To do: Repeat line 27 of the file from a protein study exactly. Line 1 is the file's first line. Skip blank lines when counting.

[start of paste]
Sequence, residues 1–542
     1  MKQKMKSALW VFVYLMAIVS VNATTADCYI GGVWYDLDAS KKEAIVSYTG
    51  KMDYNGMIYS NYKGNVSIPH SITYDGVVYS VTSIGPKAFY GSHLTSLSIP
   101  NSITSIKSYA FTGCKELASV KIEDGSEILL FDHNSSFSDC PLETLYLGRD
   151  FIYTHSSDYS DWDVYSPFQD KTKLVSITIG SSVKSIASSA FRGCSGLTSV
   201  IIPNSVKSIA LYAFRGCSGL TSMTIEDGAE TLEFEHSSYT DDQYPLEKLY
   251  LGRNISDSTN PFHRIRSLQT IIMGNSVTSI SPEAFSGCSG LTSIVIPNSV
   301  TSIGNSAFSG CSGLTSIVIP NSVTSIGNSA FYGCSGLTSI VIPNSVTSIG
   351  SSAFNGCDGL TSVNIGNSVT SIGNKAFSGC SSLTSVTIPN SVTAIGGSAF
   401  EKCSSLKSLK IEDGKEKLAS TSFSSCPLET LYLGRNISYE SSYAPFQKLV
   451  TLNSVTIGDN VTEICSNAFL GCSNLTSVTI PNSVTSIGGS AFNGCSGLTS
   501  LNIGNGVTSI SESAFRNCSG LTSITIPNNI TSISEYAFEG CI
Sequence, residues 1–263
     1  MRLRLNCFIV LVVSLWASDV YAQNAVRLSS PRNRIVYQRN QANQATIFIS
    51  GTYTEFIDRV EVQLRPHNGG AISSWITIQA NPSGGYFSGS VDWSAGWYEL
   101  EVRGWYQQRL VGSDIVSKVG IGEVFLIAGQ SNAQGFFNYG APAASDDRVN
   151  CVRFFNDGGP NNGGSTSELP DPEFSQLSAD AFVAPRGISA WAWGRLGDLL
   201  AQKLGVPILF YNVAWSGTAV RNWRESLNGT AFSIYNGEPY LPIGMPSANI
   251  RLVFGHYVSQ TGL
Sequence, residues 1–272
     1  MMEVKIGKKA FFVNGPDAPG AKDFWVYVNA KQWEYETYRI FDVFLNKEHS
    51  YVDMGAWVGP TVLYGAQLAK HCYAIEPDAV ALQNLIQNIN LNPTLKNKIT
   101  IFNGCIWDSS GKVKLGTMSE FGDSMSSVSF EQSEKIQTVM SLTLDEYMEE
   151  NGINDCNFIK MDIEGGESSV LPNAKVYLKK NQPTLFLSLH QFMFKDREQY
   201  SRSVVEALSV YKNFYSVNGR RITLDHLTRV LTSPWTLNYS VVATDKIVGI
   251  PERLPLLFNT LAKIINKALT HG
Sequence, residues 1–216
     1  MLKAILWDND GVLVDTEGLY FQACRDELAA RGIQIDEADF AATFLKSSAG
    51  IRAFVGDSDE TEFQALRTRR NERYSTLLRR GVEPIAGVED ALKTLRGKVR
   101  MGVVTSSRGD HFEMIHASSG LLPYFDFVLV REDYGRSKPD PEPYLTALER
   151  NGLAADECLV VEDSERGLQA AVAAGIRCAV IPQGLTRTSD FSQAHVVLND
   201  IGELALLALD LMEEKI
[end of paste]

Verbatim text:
Sequence, residues 1–216